Use a fork to prick the dough. Penetrate the surface and 2/3 of the depth but don’t go all the way through. Then brush on as much of the oil as the dough will take; don’t let puddles sit on the surface but let it sink into your holes.

Repeat this every 20 to 30 minutes, at least four or five times or until all the oil has been absorbed. Then sprinkle with chopped rosemary and sea salt, optionally adding more red chilly flakes. Give it another 30 minutes to recover from this treatment.

Bake at 210 C (410 F) until it looks right, about 25 minutes.

Transfer on a cooling rack, cut and eat just as soon as you dare.

Greek Yogurt Ice Cream

DSC_0898.JPGA tangy Greek yogurt ice cream served with poached pears and nuts.

For the ice cream, I make a custard from 250 ml double cream, 60 g sugar, four free-range egg yolks and half a vanilla pod. Whisk in a paste made from a heaped tablespoon of corn starch, this helps keeping the ice cream in shape later.

Whisk in 500 ml of Greek Yogurt in the last few seconds, remove from the heat. Let cool down, then chill. Churn it just after the main course; chilled well, this only takes about 30 minutes in the ice cream machine.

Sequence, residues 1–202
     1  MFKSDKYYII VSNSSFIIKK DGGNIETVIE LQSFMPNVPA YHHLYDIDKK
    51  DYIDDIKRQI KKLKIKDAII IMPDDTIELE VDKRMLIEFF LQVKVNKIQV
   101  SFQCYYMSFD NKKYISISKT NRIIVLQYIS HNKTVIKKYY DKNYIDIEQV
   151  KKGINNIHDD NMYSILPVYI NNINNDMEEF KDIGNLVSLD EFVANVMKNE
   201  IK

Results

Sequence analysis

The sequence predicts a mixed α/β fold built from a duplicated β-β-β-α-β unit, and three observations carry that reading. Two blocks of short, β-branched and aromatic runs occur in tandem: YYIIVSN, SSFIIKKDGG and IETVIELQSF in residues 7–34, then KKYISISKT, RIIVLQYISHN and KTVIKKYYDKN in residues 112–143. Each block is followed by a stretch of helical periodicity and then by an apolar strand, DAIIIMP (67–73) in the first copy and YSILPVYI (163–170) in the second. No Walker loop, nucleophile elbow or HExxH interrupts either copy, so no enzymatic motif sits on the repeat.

Poach one or two pealed and cored pears with 1 tablespoon of sugar and one start anise each in 250 ml water or rice wine vinegar. Take the fruit out after approximately 30 minutes, increase the heat and reduce the liquor to a thick honey consistency.

Poaching in rice wine vinegar will probably need sweetening with honey or apply jelly but makes a nice sharp contrast to the sweet ice cream.

The version in these photos uses a Balsamic Caramel. Good old Salted Caramel or simple Balsamic Glaze would also be nice, and so would be natural dark honey.